The 2008 AGM and Conference was held at the Education Centre in Abergavenny on Saturday November 8th 2008 when around 70 people attended. The theme was ‘Birds and Power’ a topical subject given the increased interest shown in wind turbines and tidal power. The introductory talk on the theme of the conference was given by Dr David Gibbons, Head of RSPB Conservation Science. He set the scene for the remainder of the day by highlighting the conflict between the need for renewable energy to mitigate climate change and the effects these energy proposals will have on existing bird populations.
Peter Jones, Environmental Policy Officer, RSPB Cymru gave a detailed account of the issues facing the power supply authorities over the coming decades and the details of one project in particular, the Severn Barrage proposal. The effect the Barrage would have on the intertidal mudflats of the Estuary was highlighted as a major issue for the future of the 68,000 waterbirds that use the habitat for feeding in winter. Subsequently, the WOS submitted comments to the Welsh Assembly Government on the options being considered for the barrage.
Stuart Thompson, Head of Public Affairs, RSPB Cymru indicated with some excellent images the main species that would be affected. Dunlins top the list in terms of sheer numbers but Wigeon, Teal, Shelduck, Curlew, Redshank, Ringed Plover, European White-fronted Goose, Shoveler, Black-tailed Godwit, Mute Swan and Bewick Swan are all nationally important species that would be affected. Although the impact on these and other species is uncertain, the loss of feeding area will obviously put the birds under great environmental pressure.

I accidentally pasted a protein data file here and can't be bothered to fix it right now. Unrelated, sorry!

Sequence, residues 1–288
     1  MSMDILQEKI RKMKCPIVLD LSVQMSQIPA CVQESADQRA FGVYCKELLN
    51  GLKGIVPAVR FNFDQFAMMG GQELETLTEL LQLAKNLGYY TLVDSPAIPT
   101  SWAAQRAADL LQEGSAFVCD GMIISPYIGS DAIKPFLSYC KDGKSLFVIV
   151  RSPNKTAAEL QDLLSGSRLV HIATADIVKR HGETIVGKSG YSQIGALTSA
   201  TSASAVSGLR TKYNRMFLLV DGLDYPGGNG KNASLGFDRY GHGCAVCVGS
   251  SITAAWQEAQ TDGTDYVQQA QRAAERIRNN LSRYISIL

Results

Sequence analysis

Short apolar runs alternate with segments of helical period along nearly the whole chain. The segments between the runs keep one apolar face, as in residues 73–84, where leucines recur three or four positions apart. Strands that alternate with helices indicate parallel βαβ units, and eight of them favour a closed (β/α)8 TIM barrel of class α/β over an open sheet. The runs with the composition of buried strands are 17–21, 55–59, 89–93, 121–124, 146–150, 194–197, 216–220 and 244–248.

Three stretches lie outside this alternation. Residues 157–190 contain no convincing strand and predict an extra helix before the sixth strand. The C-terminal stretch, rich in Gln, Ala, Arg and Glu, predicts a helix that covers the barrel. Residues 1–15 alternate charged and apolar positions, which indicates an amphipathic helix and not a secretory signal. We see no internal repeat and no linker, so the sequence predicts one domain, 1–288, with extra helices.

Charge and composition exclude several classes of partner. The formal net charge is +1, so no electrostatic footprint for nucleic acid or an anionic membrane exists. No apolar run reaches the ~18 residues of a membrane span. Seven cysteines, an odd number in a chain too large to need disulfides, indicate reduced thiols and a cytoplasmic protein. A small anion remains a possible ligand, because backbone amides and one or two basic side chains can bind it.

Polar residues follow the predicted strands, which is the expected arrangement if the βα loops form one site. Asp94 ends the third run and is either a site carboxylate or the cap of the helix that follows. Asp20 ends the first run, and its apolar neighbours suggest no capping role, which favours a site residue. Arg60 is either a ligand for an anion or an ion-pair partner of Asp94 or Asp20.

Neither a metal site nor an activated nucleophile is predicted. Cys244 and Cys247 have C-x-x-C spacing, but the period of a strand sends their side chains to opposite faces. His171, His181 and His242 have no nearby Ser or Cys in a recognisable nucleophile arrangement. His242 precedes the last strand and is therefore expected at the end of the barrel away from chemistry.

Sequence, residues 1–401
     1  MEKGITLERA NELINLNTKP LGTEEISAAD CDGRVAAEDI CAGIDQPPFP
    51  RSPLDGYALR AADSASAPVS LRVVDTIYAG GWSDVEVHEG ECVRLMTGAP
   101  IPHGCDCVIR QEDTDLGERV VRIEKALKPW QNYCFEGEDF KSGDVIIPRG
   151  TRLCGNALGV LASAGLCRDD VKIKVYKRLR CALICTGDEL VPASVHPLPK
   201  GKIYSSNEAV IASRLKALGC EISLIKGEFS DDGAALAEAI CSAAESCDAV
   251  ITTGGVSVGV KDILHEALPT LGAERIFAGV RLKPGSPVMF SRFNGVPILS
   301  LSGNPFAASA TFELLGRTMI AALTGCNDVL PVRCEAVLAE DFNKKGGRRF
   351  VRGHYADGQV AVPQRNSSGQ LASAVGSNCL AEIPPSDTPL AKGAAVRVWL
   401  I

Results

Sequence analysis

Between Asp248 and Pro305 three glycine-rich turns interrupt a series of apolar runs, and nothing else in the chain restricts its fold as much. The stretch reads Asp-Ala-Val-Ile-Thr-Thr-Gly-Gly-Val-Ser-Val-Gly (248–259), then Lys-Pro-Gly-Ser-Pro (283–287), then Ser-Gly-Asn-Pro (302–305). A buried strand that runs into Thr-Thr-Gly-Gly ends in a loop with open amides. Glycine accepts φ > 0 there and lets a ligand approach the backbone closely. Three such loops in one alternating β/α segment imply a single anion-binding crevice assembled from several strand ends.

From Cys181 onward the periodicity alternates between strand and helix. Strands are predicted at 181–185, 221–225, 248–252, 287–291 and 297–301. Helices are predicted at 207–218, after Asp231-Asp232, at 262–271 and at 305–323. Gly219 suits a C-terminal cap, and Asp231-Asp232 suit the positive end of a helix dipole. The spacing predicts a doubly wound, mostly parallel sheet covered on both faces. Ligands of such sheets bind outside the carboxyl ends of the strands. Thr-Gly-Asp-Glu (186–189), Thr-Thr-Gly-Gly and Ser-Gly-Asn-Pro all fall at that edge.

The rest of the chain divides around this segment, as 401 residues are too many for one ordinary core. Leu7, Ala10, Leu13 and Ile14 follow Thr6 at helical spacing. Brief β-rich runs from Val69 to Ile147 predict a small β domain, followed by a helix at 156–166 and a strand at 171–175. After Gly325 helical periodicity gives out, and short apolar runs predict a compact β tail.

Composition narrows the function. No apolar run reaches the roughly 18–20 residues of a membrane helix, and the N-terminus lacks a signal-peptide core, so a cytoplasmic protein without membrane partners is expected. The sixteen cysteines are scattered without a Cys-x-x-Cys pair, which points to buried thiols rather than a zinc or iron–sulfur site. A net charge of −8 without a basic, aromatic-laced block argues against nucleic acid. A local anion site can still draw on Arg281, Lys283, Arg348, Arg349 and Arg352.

The afternoon session got off to a good start with Dr Ilya Maclean, Research Ecologist, Wetland and Coast Ecology Unit British Trust for Ornithology who gave a fascinating talk on the studies showing the likely impact of offshore wind turbines on bird populations. The disturbance to birds caused by the turbines and the boats servicing them will have a detrimental effect on selective species such as Common Scoter.
Danielle Fry spoke on the effect on birds in the short rotation willow coppice habitat in Wales. The decline of farmland birds, the use of bird populations as a quality of life indicator and the anticipated increase in the planting of short rotation willow coppice led to Danielle’s study. With willow set to become a major landscape crop in Wales, it is essential that the ecological impacts are fully evaluated. One of the important features of early rotation willow coppice in Wales is the value of the arable weeds, particularly in the first winter, to finches and other small passerines.
After the tea break the Conference took on a lighter note with Peter Lansdowne’s fiendish quiz. Mark Holling gave an update on the work of the Rare Birds Breeding Panel and the event was rounded off with one of Dee Doody’s excellent videos of birds. Chairman Derek Moore wound up an excellent, informative and entertaining day with the raffle and a vote of thanks to all who had participated.